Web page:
A Christie’s spokesperson told Artnet News the shuffling of the Newman lot was “to accommodate a telephone bidder under a specific set of circumstances. This will not be a precedent for the future.”
Onement V carried what in retrospect looks like a lofty estimate of $30 million to $40 million. Meyer opened the bidding at $20 million and, after a few bids from Christie’s specialists, including Alex Rotter, the action stalled at $26.75 million. After a few quiet moments, when it became increasingly clear no further bids were coming to push it over the low estimate, Meyer brought down the hammer and Rotter’s client took it for a premium inclusive price of $30.9 million. Though hardly a weak price, it seems demand had fallen below where the auction house originally estimated it.
The Newman painting was one of the rare major works not guaranteed. In all, 38, or roughly half of the works in the sale were guaranteed, suggesting a flurry of last-minute deals were made as compared with the tally yesterday, when the list showed 30 guarantees, of which 18 were third-party or outside backers.
Another top-selling lot was Brice Marden’s Complements (2004-07), which sold to one of Rotter’s clients for $30.9 million with premium (estimate: $28—35 million). It marked a new auction record that more than tripled the previous high of $10.9 million set for Marden relatively recently, in November 2019, at Sotheby’s New York for Number Two (1983-84).
Bidding moved fairly quickly for Ed Ruscha’s classic blue-chip work Annie (1962), which was opened with a $14 million bid (estimate: $20—30 million) and was hammered down to Impressionist head Conor Jordan for a client at $17 million, or $23 million with premium.
The price paid for Wayne Thiebaud’s stunning Four Pinball Machines (1962) at $17.5 million hammer ($19.1 million with premium), marked a new auction record for the artist at roughly double the previous auction high of $8.5 million set at Sotheby’s this past November. Still, the bidding did not exactly soar above the lofty presale estimate of $18 million to $25 million.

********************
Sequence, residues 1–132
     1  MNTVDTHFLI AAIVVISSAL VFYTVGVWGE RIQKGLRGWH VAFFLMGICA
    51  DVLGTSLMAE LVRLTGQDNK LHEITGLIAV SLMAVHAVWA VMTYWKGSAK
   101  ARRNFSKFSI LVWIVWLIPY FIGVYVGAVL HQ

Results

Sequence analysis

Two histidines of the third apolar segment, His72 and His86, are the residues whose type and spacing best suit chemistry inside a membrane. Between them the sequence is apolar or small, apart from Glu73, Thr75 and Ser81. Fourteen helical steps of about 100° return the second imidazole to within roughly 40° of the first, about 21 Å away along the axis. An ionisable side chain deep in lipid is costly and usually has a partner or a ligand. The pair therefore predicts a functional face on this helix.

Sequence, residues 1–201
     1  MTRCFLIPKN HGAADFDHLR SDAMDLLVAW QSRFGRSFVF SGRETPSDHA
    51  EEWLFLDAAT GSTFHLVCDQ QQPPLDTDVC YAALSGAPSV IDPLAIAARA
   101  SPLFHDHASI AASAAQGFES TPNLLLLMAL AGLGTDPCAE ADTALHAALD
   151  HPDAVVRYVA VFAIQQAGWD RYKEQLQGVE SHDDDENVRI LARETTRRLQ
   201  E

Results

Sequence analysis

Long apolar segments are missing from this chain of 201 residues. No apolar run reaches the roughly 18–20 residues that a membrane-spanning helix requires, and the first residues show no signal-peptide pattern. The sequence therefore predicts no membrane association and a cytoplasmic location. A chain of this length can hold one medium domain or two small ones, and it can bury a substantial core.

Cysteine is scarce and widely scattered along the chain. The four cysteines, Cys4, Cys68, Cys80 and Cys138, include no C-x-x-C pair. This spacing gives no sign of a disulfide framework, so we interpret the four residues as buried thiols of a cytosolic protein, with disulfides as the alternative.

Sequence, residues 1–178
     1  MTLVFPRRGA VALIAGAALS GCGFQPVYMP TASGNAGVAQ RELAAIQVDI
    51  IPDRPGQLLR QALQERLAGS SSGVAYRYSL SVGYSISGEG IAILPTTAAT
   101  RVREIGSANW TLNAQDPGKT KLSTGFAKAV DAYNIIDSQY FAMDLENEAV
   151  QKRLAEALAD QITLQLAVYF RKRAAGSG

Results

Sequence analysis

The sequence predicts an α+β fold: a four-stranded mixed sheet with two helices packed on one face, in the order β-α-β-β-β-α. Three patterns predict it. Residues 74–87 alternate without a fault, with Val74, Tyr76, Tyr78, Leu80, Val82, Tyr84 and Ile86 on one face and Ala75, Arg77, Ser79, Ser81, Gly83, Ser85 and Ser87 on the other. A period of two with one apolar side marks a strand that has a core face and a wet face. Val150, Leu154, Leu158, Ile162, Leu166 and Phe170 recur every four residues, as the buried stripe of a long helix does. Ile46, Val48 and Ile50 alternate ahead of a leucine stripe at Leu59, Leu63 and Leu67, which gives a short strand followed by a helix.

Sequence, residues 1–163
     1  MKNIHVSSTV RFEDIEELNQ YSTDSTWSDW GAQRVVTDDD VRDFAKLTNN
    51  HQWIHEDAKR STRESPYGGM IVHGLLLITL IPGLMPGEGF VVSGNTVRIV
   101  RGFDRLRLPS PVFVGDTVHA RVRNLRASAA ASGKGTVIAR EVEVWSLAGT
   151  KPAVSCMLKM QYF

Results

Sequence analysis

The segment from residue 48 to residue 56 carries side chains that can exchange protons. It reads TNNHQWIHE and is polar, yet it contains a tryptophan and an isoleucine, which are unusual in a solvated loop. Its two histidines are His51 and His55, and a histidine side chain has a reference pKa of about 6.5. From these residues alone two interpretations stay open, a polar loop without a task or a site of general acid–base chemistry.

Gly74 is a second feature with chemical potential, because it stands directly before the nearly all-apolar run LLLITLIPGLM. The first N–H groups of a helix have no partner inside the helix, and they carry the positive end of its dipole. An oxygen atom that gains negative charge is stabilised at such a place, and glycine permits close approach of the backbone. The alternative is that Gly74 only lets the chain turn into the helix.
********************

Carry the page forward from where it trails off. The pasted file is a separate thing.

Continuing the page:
A new record was also set for artist Ruth Asawa, whose market has clearly been on the rise of late, when Untitled (S.401, Hanging Seven-Lobed, Continuous Interlocking Form, with Spheres within Two Lobes) (1953-54), sold for $5.4 million, over the $5 million high estimate.
The $1.1 million price achieved for Richard Avedon’s classic black-and-white photograph (which rarely turn up at major marquee auctions), Dovima with Elephants, Evening Dress by Dior, Cirque d’Hiver, Paris (1955), also marked a new auction record.
As always, works that have a past auction history can provide some insight into the trajectory of an artist’s market or a particular work. One of the top selling lots of the sale, Rene Magritte’s L’Arc de Triomphe (1962), sold for $22.3 million today. In November 1992, it was sold at Christie’s New York for $1.1 million.
Meanwhile, Gerhard Richter’s Frost I (1980) sold today for $10.3 million, compared with a May 2007 sale at Christie’s New York when it fetched $2.8 million.
Less momentum was seen for one of the sale’s later lots, Joan Miro’s Peinture (1933), which sold today for $6.2 million. When offered at Sotheby’s New York in November 1999, just over 20 years ago, it sold for $2.3 million.
Of the 10 lots offered in Hong Kong, new records were set for two works, Takeo Yamaguchi’s Yellow Quadrangle (1959), which sold for $1.4 million, and George Condo’s Force Field (2010) which sold for $6.9 million.